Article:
Chess, Imagination and Perceptual Understanding

Paul Coates

Research output: Chapter in Book/Report/Conference proceedingChapter


This paper examines the role of the imagination in the way that human chess players (as contrasted with computers) exercise their understanding of both tactics and strategy. Phenomenological investigation of the way chess players think reveals important parallels between our grasp of the possibilities latent in a chess position, and our perceptual understanding of the essentially spatial nature of physical objects, a connection that has important implications for philosophical theories of perception.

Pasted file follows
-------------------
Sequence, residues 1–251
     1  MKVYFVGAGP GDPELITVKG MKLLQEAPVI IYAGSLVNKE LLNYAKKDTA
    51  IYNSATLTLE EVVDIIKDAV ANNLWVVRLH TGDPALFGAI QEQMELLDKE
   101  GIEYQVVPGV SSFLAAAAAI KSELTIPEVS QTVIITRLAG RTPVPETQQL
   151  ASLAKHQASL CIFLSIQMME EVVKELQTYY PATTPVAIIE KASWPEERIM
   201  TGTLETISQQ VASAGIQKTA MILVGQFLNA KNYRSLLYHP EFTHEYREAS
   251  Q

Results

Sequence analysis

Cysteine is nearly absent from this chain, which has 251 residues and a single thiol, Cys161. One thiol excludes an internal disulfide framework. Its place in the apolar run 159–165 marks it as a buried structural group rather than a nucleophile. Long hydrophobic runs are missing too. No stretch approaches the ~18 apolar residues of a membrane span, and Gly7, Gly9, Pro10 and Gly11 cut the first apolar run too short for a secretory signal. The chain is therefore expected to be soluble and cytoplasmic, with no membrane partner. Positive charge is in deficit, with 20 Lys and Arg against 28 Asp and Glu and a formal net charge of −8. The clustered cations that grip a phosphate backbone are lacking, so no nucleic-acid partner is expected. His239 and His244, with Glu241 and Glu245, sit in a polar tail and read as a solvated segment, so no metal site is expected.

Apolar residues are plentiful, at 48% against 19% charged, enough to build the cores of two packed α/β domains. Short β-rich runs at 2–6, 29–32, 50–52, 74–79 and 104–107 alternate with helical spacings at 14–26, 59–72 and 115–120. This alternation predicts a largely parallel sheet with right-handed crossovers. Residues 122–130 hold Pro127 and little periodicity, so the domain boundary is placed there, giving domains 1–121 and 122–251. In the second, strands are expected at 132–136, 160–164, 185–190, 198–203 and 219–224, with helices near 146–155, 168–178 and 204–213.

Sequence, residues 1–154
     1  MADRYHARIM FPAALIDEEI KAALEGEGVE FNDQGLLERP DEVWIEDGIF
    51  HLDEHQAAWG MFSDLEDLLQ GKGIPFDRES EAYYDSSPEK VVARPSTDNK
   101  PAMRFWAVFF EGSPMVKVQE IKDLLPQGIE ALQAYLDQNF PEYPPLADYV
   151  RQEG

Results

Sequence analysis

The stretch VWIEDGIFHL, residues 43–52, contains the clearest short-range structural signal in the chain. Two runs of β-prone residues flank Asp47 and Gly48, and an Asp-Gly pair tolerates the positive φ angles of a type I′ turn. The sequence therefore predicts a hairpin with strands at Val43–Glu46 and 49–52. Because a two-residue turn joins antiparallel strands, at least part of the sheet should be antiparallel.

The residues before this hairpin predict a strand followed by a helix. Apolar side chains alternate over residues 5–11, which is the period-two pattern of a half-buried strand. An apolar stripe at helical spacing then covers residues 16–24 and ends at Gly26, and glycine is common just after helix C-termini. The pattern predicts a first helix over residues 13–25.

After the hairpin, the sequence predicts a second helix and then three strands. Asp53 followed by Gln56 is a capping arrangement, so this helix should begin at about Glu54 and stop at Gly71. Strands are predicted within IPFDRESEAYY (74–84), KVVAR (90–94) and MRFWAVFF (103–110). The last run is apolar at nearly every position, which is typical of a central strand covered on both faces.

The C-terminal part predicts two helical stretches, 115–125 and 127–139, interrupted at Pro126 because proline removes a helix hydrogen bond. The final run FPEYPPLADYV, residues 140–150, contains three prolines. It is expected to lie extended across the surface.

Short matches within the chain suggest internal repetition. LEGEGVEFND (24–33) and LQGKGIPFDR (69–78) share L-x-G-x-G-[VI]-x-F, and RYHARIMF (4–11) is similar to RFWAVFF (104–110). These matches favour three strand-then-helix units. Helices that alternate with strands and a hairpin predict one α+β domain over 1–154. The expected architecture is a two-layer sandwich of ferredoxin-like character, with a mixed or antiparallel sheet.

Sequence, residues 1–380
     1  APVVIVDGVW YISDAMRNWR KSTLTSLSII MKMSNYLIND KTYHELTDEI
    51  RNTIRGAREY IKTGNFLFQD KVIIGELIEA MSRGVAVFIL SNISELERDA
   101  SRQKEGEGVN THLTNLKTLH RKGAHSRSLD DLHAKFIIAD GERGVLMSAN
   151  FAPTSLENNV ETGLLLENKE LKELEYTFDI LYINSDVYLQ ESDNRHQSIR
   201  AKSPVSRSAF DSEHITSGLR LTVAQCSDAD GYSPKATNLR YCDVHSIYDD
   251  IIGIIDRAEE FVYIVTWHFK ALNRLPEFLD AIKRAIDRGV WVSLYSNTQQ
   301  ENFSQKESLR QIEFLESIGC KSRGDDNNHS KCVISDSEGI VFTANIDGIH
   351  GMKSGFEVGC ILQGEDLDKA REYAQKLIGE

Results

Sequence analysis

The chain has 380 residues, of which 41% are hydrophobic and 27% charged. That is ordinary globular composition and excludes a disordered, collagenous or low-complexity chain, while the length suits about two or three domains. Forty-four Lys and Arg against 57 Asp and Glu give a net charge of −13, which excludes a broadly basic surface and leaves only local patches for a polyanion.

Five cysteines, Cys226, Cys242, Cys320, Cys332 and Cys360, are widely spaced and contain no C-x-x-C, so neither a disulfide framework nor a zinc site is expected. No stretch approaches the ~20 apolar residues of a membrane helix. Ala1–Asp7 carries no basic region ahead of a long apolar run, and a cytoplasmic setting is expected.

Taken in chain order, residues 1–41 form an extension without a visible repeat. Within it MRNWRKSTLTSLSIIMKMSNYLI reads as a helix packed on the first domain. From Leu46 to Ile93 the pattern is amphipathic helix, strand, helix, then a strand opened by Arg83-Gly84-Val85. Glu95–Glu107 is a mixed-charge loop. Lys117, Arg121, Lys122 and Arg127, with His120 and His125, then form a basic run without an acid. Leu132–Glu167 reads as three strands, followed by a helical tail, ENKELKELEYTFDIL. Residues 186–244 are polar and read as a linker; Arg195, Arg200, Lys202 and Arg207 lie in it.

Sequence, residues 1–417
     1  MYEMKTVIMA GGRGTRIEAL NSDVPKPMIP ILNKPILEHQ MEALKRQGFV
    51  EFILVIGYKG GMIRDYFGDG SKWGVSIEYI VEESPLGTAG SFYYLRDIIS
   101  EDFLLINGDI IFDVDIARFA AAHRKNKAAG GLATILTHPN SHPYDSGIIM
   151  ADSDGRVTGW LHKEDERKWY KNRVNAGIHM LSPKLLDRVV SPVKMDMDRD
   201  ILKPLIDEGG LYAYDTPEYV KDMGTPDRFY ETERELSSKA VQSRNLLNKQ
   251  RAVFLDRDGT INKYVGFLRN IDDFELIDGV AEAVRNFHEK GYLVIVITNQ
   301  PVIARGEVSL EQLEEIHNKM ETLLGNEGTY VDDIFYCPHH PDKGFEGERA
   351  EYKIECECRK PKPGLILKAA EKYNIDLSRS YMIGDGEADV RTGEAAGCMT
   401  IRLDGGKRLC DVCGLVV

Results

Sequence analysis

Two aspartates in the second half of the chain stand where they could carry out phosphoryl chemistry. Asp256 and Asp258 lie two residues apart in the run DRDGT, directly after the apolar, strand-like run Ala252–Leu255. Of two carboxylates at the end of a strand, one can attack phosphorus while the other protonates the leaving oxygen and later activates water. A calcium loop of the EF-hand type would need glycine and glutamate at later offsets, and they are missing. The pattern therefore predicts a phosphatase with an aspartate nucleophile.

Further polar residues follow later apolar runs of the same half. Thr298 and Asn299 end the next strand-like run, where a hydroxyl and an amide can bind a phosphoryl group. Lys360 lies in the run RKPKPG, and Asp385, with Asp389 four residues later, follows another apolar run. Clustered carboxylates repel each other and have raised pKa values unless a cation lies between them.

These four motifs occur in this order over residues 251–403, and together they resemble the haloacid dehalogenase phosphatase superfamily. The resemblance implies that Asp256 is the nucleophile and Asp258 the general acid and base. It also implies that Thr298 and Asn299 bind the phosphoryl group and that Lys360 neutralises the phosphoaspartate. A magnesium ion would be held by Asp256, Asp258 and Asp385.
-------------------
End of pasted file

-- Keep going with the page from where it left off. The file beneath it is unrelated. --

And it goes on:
Original languageEnglish
Title of host publicationPhilosophy and Sport
EditorsAnthony O'Hear
PublisherCambridge University Press
Number of pages26
ISBN (Print)9781107647695
Publication statusPublished - Nov 2013

Publication series

NameRoyal Institute of Philosophy Supplements


  • Imagination, Chess, Perception, Causal theory, phenomenology, primary qualities


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